Poutine, pronounced (poo-tin), is often described as the Canadian « salad », with ingredients that will have your mouth water for days. It might look gross at first, but once you taste it, you will never look at it the same.
The exact details of the invention is slightly disputed but one of the most probable stories is that Jean-Paul Roy, owner of a restaurant in Drummondville in 1946, was the first to serve poutine as we know it today. The name comes from a mix and deformation of the word « pudding » and the chef’s nickname « ti-pout ».
The dish in it’s classic form is made of 3 main ingredients: fries, cheese curds, and gravy (meat sauce). But of course, with globalization and time, poutine has been influenced by other people, nationalities, and today you can find almost any spin off!
The Variables: a poutine for every taste!
These days poutine takes many different forms and integrates more than the classical ingredients. Here are some examples to get your mind wandering:
The POGO poutine
In Canada, we often use the name « pogo » in an interchangeable way with « corn dog », due to the popular brand of corn dogs called pogo. Here is a conventional poutine with some additions of pogo slices, red peppers and ham.
A conventional poutine with added strips of steak and caramelized onions.
The Shawarma Poutine
Certain cities in Canada are well known for the strong presence of Lebanese and oriental foods. As a result, some shawarma places often offer « shawarma poutines » which mixes a conventional poutine, with chickpeas, lettuce, tomatoes and chicken.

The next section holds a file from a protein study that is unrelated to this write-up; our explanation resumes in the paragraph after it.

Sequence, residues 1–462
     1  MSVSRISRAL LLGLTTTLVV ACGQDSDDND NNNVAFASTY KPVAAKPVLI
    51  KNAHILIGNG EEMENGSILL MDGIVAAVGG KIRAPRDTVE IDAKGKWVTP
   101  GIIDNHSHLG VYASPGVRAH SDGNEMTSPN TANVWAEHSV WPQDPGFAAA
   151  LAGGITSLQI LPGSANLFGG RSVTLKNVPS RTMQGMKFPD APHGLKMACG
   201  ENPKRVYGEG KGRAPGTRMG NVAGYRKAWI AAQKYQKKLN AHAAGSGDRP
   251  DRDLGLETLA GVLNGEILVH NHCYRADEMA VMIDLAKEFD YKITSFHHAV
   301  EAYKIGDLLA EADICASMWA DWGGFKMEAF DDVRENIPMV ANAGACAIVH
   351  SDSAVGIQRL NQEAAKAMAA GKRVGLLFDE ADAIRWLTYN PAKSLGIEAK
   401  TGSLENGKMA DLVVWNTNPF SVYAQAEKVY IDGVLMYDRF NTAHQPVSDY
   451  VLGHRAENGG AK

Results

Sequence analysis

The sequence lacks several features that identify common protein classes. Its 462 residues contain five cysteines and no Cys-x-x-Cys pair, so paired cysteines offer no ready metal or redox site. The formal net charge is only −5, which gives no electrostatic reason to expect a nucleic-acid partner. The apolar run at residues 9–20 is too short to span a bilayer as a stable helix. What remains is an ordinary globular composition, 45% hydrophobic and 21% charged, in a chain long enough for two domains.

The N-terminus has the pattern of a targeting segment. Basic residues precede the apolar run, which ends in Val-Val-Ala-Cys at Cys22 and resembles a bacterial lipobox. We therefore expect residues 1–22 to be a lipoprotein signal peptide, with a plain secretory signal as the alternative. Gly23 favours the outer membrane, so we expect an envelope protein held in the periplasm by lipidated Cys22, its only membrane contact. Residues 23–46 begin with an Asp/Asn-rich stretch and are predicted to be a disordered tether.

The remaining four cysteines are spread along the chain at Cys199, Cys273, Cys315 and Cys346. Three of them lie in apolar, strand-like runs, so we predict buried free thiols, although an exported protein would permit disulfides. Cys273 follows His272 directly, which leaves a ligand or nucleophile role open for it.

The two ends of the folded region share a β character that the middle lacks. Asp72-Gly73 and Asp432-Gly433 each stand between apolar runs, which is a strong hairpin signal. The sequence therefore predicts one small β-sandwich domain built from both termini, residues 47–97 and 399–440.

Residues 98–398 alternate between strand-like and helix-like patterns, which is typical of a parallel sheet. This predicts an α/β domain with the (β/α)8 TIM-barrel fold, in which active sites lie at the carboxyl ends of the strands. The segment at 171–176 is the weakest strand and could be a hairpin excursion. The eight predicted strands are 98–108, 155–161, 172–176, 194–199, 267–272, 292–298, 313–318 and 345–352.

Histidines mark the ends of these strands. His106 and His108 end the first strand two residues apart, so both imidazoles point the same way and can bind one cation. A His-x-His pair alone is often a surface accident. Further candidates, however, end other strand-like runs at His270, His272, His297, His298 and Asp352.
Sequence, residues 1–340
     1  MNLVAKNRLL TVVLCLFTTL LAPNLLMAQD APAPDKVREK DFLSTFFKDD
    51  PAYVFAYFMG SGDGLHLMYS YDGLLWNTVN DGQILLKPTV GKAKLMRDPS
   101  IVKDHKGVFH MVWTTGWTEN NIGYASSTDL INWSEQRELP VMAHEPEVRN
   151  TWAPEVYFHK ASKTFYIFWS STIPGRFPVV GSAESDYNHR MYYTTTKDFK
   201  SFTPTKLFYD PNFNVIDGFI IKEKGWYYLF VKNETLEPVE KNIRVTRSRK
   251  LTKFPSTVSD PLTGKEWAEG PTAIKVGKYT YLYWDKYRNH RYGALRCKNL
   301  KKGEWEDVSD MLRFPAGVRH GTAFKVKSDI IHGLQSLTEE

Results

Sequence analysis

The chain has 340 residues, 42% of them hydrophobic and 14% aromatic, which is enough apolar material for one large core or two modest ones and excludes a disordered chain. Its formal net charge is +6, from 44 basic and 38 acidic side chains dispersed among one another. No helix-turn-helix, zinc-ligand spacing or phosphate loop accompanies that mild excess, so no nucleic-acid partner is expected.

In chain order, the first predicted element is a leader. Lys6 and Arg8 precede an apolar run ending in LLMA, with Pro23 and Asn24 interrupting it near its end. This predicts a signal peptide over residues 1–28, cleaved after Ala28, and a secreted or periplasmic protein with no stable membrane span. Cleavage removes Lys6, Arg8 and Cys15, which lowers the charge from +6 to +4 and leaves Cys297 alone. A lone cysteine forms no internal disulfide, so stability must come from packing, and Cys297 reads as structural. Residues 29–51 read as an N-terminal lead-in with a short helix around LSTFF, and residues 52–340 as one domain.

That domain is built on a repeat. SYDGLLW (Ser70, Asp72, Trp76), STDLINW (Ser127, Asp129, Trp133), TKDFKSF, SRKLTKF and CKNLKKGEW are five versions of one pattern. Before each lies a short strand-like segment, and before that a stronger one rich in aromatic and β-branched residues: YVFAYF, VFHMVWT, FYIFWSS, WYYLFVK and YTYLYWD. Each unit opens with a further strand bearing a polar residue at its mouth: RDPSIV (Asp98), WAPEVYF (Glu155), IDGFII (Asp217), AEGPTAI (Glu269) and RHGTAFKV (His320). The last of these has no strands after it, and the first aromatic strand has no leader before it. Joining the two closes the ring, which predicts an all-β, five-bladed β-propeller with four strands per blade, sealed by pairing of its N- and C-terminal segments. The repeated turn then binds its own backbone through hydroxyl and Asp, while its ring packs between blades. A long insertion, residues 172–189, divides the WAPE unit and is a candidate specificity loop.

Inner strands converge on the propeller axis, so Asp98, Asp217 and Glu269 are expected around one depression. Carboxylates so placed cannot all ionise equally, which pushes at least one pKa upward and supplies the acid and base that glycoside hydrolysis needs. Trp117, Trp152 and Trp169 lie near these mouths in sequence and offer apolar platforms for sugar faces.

Jambalaya is a Louisiana origin dish of Spanish and French influence mainly consisting of meat and vegetables mixed with rice. Usually the meat includes some sort of sausage with other meat or seafood. Could you finish this one yourself?
Fries with guacamole, grated cheese, minced meat, and vegetables. And we must not forget the sour cream!
Where Can I Find Poutine?
Poutine is quite prevalent across the province of Quebec in restaurants and chip stands. Even fast food chains sometimes have poutine added to their menus. Most chains like McDonalds, Burger King, A&W, PFQ, and Wendy’s have added it to their menu in Quebec locations (sometimes other provinces as well). However, finding a more ‘authentic’ place can give you a better taste of the ‘traditional’ or ‘home made’ poutine cooking. There are even poutine festivals, entirely dedicated to serving poutine and many variants of the classic version. Certain Universities across Canada host day or week-long events entirely dedicated to poutine where several chip trucks show up to offer poutine variants.
Although poutine is mostly famous in Quebec, it’s popularity has grown outside of the province and can be found especially in the nearby provinces of Ontario and New Brunswick. You can even find it in restaurants and hotels in British Columbia or Yukon. It’s presence is so widespread that it is basically the unofficial national Canadian dish. We wouldn’t be surprised if you could find it on every continent! Have you tried poutine? What is your favourite?
An avid nature lover, animal-snuggler and outdoor activity enthusiast. Sara spent her childhood summers swimming, canoeing, hiking, and enjoying the breahtaking landscape of Quebec at her family cottage. With a B.A. in Marketing from the University of Ottawa, Sara is a frequent contributor to Waterfront Cottage Life, where she fuses her passion for Marketing and the Canadian landscape.